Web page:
Secret Scotland

If it's secret, and in Scotland…

Just walk along the road to visit Poland in Scotland

The connection between Scotland and Poland can become fascinating when you start to dig into it.

I should actually know more (a lot more) than I do, and only learned recently that I had the murderous Stalin to thank for my ignorance. But that’s another story, and one that will never be told now.

During World War II, many Polish troops ended up in Scotland, making up the numbers of men who had been conscripted into the armed services, and the many pilots inside Spitfires were actually Polish, if they had been lucky enough to get away from Poland as the Nazis invaded and wiped out any opposition.

Today, the east end of Glasgow seems to be full of young Poles, and I really regret that I didn’t get the opportunity to learn Polish (and German) as I grew up, as it would be fun to be fluent in the language now, as the new Poles chat away quite freely, assuming that the locals cannot understand a word. Reminds me of the holidays I used to spend down in North Wales, where the natives could switch from English to Welsh and back mid-sentence without missing a beat. I sometimes wondered if they even realised if they were doing it.

This all came to mind when I was wandering around the industrial estate near Cambuslang, towards Clydesmill.

It’s ages since I was last along that way, having given it up as a boring walk after they demolished the last part of the gas-powered generating station that  was left after they demolished the main power station many years ago.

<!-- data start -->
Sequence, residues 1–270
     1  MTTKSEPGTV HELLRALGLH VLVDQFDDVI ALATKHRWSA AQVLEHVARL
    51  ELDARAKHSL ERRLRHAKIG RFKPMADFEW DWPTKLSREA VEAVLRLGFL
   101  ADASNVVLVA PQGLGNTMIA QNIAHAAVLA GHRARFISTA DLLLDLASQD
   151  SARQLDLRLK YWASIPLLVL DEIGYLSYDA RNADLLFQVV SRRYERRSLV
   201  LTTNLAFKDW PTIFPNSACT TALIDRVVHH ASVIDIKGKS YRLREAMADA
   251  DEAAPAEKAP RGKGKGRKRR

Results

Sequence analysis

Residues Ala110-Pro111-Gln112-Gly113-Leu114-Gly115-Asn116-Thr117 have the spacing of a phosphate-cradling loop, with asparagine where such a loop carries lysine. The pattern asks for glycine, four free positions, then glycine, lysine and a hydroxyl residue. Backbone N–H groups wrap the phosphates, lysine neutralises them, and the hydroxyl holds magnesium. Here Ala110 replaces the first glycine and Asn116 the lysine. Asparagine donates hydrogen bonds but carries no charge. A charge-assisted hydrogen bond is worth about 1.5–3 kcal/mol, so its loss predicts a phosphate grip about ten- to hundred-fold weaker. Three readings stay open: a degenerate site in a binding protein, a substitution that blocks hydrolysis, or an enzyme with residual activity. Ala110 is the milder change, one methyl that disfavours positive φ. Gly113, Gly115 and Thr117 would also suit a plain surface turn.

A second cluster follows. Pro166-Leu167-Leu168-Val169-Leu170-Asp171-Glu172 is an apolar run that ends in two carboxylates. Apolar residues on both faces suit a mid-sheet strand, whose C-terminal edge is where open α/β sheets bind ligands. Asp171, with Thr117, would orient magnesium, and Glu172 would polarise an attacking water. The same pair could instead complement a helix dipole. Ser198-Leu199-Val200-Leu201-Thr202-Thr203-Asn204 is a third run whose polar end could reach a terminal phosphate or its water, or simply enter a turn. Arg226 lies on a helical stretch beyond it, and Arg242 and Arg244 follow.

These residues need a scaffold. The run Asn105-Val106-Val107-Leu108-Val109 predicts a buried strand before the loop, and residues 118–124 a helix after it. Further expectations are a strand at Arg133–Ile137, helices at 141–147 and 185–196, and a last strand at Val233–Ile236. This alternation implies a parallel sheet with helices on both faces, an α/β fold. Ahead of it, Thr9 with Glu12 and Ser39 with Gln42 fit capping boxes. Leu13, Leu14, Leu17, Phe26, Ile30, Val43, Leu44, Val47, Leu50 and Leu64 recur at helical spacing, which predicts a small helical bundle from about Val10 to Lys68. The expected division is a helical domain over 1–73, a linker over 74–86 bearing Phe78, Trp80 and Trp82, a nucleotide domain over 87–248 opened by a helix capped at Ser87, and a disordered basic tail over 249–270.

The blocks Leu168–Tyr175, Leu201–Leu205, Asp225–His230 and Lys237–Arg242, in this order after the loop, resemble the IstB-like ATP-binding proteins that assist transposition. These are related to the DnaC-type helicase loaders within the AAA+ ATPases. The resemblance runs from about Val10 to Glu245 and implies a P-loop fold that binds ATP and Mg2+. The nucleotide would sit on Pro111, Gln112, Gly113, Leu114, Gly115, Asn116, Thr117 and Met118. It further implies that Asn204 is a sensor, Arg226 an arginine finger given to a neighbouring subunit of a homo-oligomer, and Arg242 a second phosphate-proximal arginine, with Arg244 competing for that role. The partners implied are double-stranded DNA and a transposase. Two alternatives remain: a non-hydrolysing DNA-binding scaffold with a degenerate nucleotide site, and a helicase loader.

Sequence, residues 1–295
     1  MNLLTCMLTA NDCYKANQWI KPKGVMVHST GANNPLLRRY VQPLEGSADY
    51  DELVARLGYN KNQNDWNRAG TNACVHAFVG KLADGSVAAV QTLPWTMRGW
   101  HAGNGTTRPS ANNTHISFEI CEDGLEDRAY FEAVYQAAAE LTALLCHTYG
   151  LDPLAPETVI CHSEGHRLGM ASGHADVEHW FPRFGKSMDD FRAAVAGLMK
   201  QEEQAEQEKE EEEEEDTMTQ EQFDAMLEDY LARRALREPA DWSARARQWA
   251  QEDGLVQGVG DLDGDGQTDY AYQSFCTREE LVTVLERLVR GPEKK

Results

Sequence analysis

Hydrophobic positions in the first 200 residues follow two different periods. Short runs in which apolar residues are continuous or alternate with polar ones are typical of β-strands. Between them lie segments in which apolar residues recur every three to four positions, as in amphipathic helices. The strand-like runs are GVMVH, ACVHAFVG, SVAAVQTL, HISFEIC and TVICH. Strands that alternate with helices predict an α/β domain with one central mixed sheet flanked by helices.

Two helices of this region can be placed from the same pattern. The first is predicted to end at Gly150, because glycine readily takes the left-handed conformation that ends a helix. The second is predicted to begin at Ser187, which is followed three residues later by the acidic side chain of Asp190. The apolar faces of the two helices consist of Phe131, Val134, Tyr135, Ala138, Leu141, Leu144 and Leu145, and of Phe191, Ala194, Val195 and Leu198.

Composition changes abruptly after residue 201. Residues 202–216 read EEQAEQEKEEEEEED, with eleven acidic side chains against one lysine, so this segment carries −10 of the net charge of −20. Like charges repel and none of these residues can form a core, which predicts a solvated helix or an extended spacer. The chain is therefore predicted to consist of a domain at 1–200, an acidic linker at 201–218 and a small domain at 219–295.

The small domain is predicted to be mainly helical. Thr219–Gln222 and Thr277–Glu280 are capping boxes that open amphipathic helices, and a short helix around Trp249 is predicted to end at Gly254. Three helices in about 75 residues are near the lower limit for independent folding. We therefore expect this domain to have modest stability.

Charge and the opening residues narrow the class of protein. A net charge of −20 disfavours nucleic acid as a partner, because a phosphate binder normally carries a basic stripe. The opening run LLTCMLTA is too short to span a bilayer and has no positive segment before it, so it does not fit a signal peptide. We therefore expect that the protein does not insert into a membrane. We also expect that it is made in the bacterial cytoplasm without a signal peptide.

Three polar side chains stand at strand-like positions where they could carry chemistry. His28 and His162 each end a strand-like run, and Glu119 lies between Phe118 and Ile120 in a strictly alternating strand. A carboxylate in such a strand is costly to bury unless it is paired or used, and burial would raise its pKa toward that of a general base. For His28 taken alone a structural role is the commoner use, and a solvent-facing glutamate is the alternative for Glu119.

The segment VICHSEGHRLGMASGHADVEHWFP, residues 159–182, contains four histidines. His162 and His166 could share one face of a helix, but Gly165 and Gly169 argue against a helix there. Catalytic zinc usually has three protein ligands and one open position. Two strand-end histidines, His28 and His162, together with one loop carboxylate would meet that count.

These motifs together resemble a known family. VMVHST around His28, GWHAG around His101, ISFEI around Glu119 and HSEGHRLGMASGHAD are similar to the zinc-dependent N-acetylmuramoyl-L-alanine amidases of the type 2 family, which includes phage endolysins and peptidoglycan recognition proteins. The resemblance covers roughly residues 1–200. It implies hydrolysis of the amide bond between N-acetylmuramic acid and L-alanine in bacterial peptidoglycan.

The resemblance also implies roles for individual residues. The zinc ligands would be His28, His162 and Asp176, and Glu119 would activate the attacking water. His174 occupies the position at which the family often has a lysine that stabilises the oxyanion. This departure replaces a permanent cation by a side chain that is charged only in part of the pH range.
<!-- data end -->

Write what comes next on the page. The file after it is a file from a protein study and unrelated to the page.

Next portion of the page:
I forget who operated the food factory on the estate, although I recalled some fuss in the media when it changed hands, probably with the usual whining about threatened closure, changes of conditions, and redundancies – and would not have been in the least surprised to see the site razed, had the new owners just got fed up, closed the doors, and gone away to set up somewhere they could get peace.

But there was still a factory there, although I’d never heard of the owners, Vion.

But the really interesting thing was my sudden inability to read and understand a number of signs placed around the factory.

Guess I know where quite a lot of the folk I listen to in the local shops are working, as the signs are in Polish, and some of them are only in Polish, with no English option.

Vion Cambuslang Polish sign

Vion Cambuslang Polish sign

Closer look:

Polish only sign

Polish only sign

This one, even I can manage, thanks to the English bit:

Bilingual Polish sign

Bilingual Polish sign

I might dig out some pics I took while wandering around Parkhead a while ago. They were just chance catches, as I was really just out doing some camera tests (digital cameras may be auto-everything, but I’m glad to say I’ve discovered that this only works some of the time, and you can still do better yourself), but when I got home and looked closer, I noticed that most of the shops I had photographed were actually Polish. There was a mix of food shops, hairstylists, PC repair, and (although this one is almost at Glasgow Cross) and an optician.

Interesting to note also that the local Tesco now sports a Polish food section too. Clearly, they noticed that shops like Lidl always had non-standard offerings as alternatives to the usual big name products.

Hope I didn’t just delete those pics, since they were testers rather than keepers.


Thanks to someone (who didn’t provide any details, or even the date of the pic) we can see that the sign I captioned “Polish only sign” on the factory gate was once partnered with an English version, now apparently lost, as is another which was addressed towards “All Contractors”, but I can’t make it out, as even the original is too blurry to read:

Complete set of gate signs

Complete set of gate signs


April 23, 2013 - Posted by | Civilian, photography | , , , , , ,

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